Posted: Jan. 29, 2004


By Celia Cohen

Grapevine Political Writer

When John F. Kerry arrives Friday in New Castle for a political rally, Delaware will see something it never has seen before in the short, scarred history of its presidential primary -- a front-runner.

In the third try at finding a place on the presidential map, Kerry's appearance here after his victories in Democratic contests in the glitter states of Iowa and New Hampshire represents the first fleeting nod of credibility in Delaware's direction.

Delaware Democrats will be going to the polls Tuesday, a week after New Hampshire, along with voters in six other states in the next round of balloting to determine whether Kerry can keep his streak going in the seven-candidate field. Delaware Republicans will be sitting it out because of the inevitability of President George W. Bush's nomination.

As the Democratic hopefuls scatter south and west for votes, Kerry will come to Delaware for the first time, while Alfred C. "Al" Sharpton will swing by Saturday on his third stop. Joseph I. Lieberman, who has courted the state more diligently than anyone else, was forced by the winter storm to cancel a trip Wednesday but has rescheduled for Friday.

Lieberman counted on chugging in with what he called "Joe-mentum," but it seems more like "No-mentum" after a fifth-place showing in New Hampshire, and he needed a pep talk from U.S. Sen. Thomas R. Carper, his chief Delaware backer, as he decided to keep going.

"I said, look, Joe, it's one primary in one state. There are 48 states to go. What are the rest of us, chopped liver?" Carper said. "A week from now, if you win them all, we can start picking furniture for the White House."

If Delaware gains from the status that Kerry's visit brings, there may be a little pick-me-up for him in return. State Democratic leaders are anticipating that the Massachusetts senator will be introduced at his rally by Joseph R. Biden Jr., his Delaware colleague who has expressed a split presidential preference between Kerry and Wesley K. Clark.

It is not an endorsement. Biden's staff made it very clear Thursday that the senator was sticking by his decision not to commit to anyone before the primary. In fact, Biden's office would not even say he was committed to attending the rally, but still . . .

If Kerry stands shoulder to shoulder on a stage with Biden, there would be a new effervescence in the political chemistry, even if the introduction were to be passed off as nothing more than senatorial courtesy. It was obvious in the way that word of the anticipated introduction went flying through Democratic circles.

"It's a matter of protocol at least, and I'm sure Kerry is hoping there's more than that," said Richard H. Bayard, the Democratic state chairman.

What a delicate dance this presidential nomination is. Delaware has waited a long time for a look at it, hampered not so much by its size and small pool of delegates but by the calendar.

The state switched to a primary from Iowa-style caucuses in 1996, only to make a rookie mistake and blunder into a costly feud with New Hampshire over its first-in-the-nation primary.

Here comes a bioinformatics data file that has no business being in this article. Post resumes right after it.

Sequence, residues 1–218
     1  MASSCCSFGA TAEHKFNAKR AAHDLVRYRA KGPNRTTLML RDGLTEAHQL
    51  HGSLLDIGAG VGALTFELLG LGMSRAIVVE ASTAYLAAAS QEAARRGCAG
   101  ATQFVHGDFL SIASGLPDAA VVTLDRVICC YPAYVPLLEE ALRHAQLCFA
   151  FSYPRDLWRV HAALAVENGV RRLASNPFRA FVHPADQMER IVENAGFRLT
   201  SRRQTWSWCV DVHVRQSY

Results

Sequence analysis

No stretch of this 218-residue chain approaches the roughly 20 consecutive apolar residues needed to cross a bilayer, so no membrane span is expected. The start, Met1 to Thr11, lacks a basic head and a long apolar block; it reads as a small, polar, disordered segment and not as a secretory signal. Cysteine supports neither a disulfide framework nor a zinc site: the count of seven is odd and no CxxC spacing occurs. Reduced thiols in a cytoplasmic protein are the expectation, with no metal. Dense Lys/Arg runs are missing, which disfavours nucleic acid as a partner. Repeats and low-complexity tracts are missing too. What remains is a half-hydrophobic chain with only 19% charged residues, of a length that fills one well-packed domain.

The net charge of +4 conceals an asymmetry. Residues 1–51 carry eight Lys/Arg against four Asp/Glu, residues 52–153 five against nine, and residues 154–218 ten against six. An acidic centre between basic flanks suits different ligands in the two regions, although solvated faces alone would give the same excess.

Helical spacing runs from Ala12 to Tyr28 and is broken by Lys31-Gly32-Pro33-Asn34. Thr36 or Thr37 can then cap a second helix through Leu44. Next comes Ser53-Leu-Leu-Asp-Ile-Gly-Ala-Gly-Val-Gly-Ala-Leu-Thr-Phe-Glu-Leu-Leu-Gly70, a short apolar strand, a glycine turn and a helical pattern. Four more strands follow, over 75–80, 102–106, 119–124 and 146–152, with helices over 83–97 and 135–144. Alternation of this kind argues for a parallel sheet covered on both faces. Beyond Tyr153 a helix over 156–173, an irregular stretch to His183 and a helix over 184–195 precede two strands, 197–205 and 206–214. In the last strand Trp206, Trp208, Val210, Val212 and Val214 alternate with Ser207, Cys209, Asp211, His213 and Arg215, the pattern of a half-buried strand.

Delaware figured it would hold the second primary four days later, but New Hampshire figured otherwise. To protect the supremacy of its primary, it insisted on a weeklong window before any other state voted and slapped a candidate embargo on Delaware. The primary here labored, attracting only the also-rans like Republican Steve Forbes, who won here in 1996.

The Delaware Republicans were the first to give in, pulling out of the official primary in 2000 and paying for one of their own a week after New Hampshire's. They were rewarded with a visit from Bush, who attended a Delaware State Chamber of Commerce dinner, and by 2004, the state law was changed to the current schedule, putting Delaware in a pack of states voting the week after New Hampshire.

The candidates could come, but they did not -- because it appeared that Biden might run for president, until he ruled it out in August. That did not leave much steam for the Delaware primary.

Lieberman already has made four visits and set up a slender organization, although it was the biggest one here, fueled by the endorsements from Carper, Lt. Gov. John C. Carney Jr. and Treasurer Jack A. Markell. Sharpton campaigned. John R. Edwards made a brief, stealth trip for a private fund-raiser but otherwise has been absent.

Wesley K. Clark sent in a field director, who promised his candidate would visit but has yet to deliver. Howard B. Dean and Dennis J. Kucinich have volunteer operations here. Kerry is coming and stationed a staff member here last week.

Next week the voters take over. What they will do is uncertain, because this really amounts to the first time. "We don't have an established reputation. There's no basis for people to predict," said Joseph A. Pika, a political science professor at the University of Delaware.

Robert L. Byrd, a lobbyist and Democratic strategist for the governor, framed it this way. "The question is," Byrd said, "with all the work Lieberman has done here, do people stay with him or go with the Kerry juggernaut?"